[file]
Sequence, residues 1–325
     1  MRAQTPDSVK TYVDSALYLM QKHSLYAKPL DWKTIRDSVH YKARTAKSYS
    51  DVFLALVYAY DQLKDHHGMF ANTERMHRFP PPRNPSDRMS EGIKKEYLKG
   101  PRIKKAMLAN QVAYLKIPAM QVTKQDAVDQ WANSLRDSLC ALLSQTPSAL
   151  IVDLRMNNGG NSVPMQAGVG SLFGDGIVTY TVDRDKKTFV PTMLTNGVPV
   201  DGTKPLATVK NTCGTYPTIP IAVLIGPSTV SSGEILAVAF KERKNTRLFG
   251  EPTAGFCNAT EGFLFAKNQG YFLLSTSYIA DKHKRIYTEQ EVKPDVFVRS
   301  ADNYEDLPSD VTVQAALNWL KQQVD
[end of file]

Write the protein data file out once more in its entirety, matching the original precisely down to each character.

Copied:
Sequence, residues 1–325
     1  MRAQTPDSVK TYVDSALYLM QKHSLYAKPL DWKTIRDSVH YKARTAKSYS
    51  DVFLALVYAY DQLKDHHGMF ANTERMHRFP PPRNPSDRMS EGIKKEYLKG
   101  PRIKKAMLAN QVAYLKIPAM QVTKQDAVDQ WANSLRDSLC ALLSQTPSAL
   151  IVDLRMNNGG NSVPMQAGVG SLFGDGIVTY TVDRDKKTFV PTMLTNGVPV
   201  DGTKPLATVK NTCGTYPTIP IAVLIGPSTV SSGEILAVAF KERKNTRLFG
   251  EPTAGFCNAT EGFLFAKNQG YFLLSTSYIA DKHKRIYTEQ EVKPDVFVRS
   301  ADNYEDLPSD VTVQAALNWL KQQVD